We’ve also been studying the periodic table through a very well-illustrated laminated Periodic Table poster. It’s a very cost-effective yet impressive way of having the information readily available right in front of your eyes as you play. We have it put up in our son’s play area. And so, you’ll find him often strolling over to it to read it or observe.

What are some other scientific artifacts?

Scientific Artifacts are the tools, equipment, and supplies used for the observation of natural phenomena or to apply knowledge gained from such observation.
— Mayborn Museum

They’ve provided an interesting classification of items that I felt would be good to mention here because the items that we collect might fall into one of these categories:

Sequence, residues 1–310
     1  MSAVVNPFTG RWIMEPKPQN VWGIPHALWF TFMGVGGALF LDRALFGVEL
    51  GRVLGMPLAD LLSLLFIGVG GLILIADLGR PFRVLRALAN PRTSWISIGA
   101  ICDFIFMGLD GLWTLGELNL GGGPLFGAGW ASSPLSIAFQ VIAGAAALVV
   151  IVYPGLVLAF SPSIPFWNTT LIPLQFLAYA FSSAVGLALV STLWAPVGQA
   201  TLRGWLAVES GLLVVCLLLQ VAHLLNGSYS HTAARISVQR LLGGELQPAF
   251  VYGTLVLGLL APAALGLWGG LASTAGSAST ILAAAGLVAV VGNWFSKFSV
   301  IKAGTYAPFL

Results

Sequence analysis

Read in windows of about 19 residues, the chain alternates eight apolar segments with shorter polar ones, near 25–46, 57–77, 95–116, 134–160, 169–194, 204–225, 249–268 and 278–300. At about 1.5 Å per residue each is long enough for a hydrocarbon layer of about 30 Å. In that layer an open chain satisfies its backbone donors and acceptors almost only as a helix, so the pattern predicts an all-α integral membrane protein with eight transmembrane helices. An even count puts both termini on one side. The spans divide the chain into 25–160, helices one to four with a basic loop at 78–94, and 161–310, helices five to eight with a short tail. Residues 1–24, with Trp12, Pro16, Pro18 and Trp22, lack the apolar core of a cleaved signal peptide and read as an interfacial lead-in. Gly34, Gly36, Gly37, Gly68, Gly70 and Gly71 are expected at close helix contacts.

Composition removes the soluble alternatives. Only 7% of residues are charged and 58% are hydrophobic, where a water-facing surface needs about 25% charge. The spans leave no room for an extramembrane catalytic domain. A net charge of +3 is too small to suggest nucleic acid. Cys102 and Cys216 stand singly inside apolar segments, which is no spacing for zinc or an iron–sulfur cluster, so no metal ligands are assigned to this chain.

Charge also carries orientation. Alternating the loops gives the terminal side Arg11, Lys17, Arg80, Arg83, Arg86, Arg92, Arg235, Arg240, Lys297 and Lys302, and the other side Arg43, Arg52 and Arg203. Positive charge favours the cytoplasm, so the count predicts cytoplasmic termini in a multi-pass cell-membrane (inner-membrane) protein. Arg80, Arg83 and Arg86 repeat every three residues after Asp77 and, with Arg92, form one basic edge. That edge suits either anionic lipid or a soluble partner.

Acoustic | Armament | Biological | Chemical | Construction | Electrical and Magnetic | Energy Production | Maintenance | Mechanical | Medical | Merchandizing | Optical | Regulative and Protective | Surveying and Navigational | Timekeeping | Weights and Measures

Our host of artifacts that we love collecting includes many, like simple musical instruments, rocks, stones, gems, small fossils, magnets, maps, simple measuring equipment, batteries, a magnifying glass, and a host of other things.

They have become an interesting part of independent play and pretend play, as well as learning and discovering together.

5. Electronic Media (YouTube, Phone Apps, etc..)

An interesting smartphone App that we love is called Stellarium. It gives you the live configuration of the night sky — with stars, planets, constellations, and a host of other celestial bodies.

But not just the natural one — it also tracks the man-made satellites and other bodies in the sky around you.